How many blogs must comment on something before the blogosphere can be abuzz? We’ve seen eight or nine posts over the last several days commenting on John Frame’s recent “book review” of Mike Horton’s Christless Christianity. So, we’re not quite convinced that this is a dispute of blogospheric proportions, but we also thought in the interests of fairly characterizing Frame’s review for what it is, we should provide some kind of response.

First, it is stunning that Professor Frame should so totally disagree with Horton’s basic premise: that evangelicalism is in sad shape and getting worse. Literally hundreds of books, articles, and conferences have taken up that issue over the last two decades and arrived at the same conclusion: it is! Frame complains that Horton only quotes “unbelievers” who apparently wield facts as weapons in a deliberate swipe against the church.  Briefly, we would point out that a Methodist bishop, Will Willimon, wrote the forward to the book, agreeing with its premise and emphasizing the need for evangelicals to pay close attention to the errors of their mainline cousins. We have also spent significant airtime on White Horse Inn with Christian Smith, a committed Christian and a noted sociologist, who painstakingly documented his conclusion about the reign of “moralistic, therapeutic deism.”  Most recently, Mark Galli in a Christianity Today cover story (“In the Beginning, Grace”) makes many of the same analyses as Horton does in Christless Christianity. Galli even names more specific names and movements than Horton does (including names and movements that Frame evidently thinks are doing just fine).  So much for Horton being an axe-grinding, dogmatic observer of the Christian scene! [For readers who are interested in seeing more of the evidence first hand, visit our website and listen to all of the free programs that showcase the problem within both evangelical and Reformational churches.] That Frame cannot or is not willing to see this problem is troubling and calls into question the integrity of this review. It also does a disservice not only to his own readers but to the many, many evangelicals in exile who have seen in the book the sad tale of their own experience.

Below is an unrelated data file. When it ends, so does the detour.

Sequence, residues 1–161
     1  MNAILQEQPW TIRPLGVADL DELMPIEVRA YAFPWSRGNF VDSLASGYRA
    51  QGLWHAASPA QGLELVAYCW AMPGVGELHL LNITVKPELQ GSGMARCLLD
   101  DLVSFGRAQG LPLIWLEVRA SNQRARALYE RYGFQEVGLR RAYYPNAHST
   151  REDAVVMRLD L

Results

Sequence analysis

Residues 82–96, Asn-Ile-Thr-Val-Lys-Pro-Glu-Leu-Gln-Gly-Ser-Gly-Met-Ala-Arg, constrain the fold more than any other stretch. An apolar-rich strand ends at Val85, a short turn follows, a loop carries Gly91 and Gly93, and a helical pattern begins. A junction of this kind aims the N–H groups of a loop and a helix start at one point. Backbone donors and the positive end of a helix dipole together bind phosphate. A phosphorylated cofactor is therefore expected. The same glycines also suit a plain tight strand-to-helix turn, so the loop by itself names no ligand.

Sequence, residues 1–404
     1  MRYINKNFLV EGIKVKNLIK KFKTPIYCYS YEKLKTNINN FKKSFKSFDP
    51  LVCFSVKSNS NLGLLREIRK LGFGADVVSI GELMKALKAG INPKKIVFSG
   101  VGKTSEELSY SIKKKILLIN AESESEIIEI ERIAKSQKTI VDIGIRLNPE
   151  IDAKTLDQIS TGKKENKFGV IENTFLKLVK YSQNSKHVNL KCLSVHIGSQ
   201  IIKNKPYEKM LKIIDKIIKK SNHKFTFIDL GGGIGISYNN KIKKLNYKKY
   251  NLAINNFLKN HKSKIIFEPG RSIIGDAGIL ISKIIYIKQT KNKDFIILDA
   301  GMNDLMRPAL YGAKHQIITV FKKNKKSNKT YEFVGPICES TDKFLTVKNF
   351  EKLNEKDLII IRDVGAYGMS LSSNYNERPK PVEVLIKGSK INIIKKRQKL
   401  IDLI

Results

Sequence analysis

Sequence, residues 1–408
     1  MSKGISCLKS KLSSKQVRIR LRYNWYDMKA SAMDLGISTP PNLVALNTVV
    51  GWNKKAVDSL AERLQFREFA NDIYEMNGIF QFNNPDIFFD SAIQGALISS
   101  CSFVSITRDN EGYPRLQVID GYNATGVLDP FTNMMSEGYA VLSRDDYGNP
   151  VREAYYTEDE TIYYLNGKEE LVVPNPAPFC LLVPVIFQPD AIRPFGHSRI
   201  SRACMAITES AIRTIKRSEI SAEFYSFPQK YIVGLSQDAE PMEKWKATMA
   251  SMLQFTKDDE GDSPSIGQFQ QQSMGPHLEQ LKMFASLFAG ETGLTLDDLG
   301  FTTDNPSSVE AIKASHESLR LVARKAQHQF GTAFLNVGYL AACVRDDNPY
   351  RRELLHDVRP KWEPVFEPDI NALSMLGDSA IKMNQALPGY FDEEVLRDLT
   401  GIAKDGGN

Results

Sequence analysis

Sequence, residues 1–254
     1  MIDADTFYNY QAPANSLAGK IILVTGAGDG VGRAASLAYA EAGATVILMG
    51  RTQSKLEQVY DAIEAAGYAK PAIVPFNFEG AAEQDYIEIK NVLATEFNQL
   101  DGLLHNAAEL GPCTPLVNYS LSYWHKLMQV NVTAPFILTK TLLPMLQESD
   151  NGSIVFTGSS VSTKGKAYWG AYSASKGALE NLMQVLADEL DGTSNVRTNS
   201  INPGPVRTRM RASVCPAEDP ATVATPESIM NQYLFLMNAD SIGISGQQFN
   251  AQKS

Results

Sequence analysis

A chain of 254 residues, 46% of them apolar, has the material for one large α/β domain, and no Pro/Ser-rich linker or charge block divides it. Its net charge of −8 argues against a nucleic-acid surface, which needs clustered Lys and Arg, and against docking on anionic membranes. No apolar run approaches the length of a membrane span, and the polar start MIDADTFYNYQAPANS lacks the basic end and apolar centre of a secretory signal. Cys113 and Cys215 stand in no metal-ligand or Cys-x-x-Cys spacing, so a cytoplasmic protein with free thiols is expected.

Second, the strength of a review comes not in what it says, but in what it implies and by this measurement, Frame’s insinuations undercut his own standing to review this book (or nearly any other if this is characteristic of his style). About two-thirds of the way through [rather than read it all, you can just search on the word “disqualifies” to find this quote], Frame writes,